Article: 'Organisational culture cannot be static'

Talent Management

'Organisational culture cannot be static'

Changing your culture is not a one-time event that involves an employee survey or a new foosball table in the break room. Culture change must be a deliberate effort to redefine how people think, feel, and act to drive business success.
'Organisational culture cannot be static'

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The pandemic has fundamentally changed work and life. It has been a significant catalyst that has transformed our outlook on people, work, and culture. The new world of work warrants agility, adaptability, innovation, and customer-centricity as the critical components of work culture. 

COVID-19 has upended the culture at work. Remote and hybrid modes of work have challenged how leaders and co-workers connect. With uncertain times still at the forefront – and hybrid work set to be planned by most employers over the coming months, a new approach to culture must uphold more inclusive communication methods with remote workers. 

That is because, unlike pre-COVID-19 times, employees are no longer anchored to their desks. Instead, workers are now increasingly mobile, location-agnostic, and demand more flexible work arrangements. This calls for the consideration of adjusting policies and procedures moving forward.

As a result, the needs of workers and employees are getting complicated. So, how can companies create a vibrant culture where the best minds are connected and driven to perform at their optimum levels? It is crucial to focus on three critical aspects of corporate cultural transformation – talent, tech, and leadership.

Talent

According to a recent study by the IBM IBV (Institute for Business Value), “The traditional ways of assessing performance, of judging which businesses are worth learning from, were dramatically upended in 2020…The global pandemic and ensuing rolling lockdowns ravaged some industries and locations while boosting others. Moreover, the heavy impact of circumstantial factors meant that sometimes merely being in the right place was rewarded, and merely being in the wrong place was punished.”

For the survey, the IBV study applied a two-factor screen to the data provided by 3,000 CEOs. First, it identified those who reported high revenue growth compared to their peers over three years – from 2018 to 2020. About 20 per cent of respondents met that two-pronged standard of outperformance. Unfortunately, a similar-size group of respondents – also 20 per cent – reported below-par revenue growth. Second, IBV compared the responses of the “Outperformers” with those of the “Underperformers” – and saw dramatic differences.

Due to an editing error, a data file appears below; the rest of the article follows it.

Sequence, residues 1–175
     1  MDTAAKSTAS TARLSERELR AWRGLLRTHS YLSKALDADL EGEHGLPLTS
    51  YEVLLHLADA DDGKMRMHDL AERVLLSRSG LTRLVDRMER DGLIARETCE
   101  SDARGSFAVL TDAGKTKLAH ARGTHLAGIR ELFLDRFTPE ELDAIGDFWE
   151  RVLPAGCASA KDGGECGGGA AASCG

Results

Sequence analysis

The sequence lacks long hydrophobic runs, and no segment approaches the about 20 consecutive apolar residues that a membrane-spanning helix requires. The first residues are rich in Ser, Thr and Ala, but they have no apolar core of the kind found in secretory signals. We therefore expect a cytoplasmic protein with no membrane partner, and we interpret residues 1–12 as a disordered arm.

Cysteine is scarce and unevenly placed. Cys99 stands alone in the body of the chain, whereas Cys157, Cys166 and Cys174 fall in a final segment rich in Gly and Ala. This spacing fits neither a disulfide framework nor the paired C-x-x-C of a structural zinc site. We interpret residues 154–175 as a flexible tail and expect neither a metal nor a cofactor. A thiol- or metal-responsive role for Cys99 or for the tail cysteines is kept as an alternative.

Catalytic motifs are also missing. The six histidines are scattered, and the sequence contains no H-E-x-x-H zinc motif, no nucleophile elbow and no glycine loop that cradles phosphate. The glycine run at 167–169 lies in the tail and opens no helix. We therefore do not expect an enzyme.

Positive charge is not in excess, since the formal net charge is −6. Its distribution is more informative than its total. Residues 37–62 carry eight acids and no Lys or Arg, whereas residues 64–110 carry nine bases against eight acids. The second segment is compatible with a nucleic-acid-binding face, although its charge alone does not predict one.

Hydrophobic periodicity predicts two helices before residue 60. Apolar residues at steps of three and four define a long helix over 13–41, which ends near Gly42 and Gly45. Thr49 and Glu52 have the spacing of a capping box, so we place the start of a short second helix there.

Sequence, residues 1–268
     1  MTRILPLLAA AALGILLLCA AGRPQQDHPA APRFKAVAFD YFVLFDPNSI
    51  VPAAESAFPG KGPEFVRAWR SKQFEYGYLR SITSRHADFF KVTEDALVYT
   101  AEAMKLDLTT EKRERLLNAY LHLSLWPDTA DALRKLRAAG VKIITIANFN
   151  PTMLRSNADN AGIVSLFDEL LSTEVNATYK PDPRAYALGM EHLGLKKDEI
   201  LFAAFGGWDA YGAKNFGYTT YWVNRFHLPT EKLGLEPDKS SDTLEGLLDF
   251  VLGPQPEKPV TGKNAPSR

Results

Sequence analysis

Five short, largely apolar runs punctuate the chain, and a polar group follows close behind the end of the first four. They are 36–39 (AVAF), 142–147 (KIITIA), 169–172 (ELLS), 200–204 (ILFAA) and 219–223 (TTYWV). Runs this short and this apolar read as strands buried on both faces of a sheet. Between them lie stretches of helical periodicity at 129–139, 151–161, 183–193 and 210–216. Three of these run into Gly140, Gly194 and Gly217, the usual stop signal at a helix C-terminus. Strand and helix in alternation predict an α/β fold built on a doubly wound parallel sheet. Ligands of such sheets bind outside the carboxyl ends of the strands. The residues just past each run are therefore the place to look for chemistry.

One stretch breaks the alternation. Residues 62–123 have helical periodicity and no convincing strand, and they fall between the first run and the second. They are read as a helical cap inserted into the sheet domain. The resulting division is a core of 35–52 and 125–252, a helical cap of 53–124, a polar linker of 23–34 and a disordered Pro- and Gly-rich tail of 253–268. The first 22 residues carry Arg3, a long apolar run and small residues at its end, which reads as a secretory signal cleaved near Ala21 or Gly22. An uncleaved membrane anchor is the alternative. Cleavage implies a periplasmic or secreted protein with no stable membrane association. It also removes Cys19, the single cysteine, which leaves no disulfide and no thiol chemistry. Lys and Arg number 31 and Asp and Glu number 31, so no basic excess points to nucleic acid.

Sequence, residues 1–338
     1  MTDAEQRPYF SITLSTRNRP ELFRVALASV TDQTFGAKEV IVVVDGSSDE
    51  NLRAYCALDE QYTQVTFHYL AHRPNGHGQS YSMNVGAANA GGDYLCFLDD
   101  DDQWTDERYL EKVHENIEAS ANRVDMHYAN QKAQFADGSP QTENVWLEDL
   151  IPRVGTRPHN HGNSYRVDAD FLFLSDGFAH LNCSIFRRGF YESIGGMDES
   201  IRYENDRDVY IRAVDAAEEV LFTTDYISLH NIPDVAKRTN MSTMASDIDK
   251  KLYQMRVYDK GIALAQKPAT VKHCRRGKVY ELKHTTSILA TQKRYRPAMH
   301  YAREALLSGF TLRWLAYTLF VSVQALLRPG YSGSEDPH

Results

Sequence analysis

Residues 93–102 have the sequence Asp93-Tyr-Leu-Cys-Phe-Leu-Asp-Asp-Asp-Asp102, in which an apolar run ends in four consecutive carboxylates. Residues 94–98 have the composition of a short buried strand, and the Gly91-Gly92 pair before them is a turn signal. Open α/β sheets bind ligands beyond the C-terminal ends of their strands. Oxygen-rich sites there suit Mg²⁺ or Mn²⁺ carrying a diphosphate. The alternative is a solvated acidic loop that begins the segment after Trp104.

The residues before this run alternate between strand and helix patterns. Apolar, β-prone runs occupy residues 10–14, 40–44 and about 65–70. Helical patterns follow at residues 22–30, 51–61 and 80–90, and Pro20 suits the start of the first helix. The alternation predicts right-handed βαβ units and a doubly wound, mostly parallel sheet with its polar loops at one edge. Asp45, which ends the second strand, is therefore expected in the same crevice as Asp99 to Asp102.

“Outperformers entered 2020 with higher revenue growth than their competitors and have since widened their advantage – from a 5-7 percentage point difference in the annual rate of growth,” the study notes. “For organizations with US$10 billion in annual revenue, this difference in revenue growth is equivalent to an additional US$700 million annually.”

The necessity to figure out things on the fly has underscored another crucial capability: learning and adapting. This pandemic has demonstrated how change can affect our daily work lives in a split second. It has been detrimental to learn, grow, adapt, and change the way we “normally” worked, to better create a new “normal”. According to an article from Harvard Business Review, “There have been many calls for restructuring how work is done, including making more room for our families and questioning the real value of the eight-hour (or more) workday. Now is a time for companies to step back and re-examine which traditional ways of working exist because of convention, not necessity.” The question at hand is, “post-pandemic, can we create a system that fits real workers, not just idealized ones?” As we continue to fall back into pre-COVID times, it is important to consider all the pros and cons we learned from this pandemic to be willing to experiment and adapt to a new way of work-life. 

Achieving an aspirational culture is the single most critical success factor for strategic HR transformation and digital reinvention. That involves reimagining strategy, operations, workforce, and technology. The organizational culture cannot be static. As it embarks on a digital reinvention journey, at the heart of that transformation is continuous and accelerated culture change.

Changing your culture is not a one-time event that involves an employee survey or a new foosball table in the break room. Culture change must be a deliberate effort to redefine how people think, feel, and act to drive business success.

The four dimensions of an organization’s culture are mindset (which is what employees think), values (how employees feel), behaviours (what employees do), and tangible (what employees see). These four factors collectively determine how employees experience culture in the organization.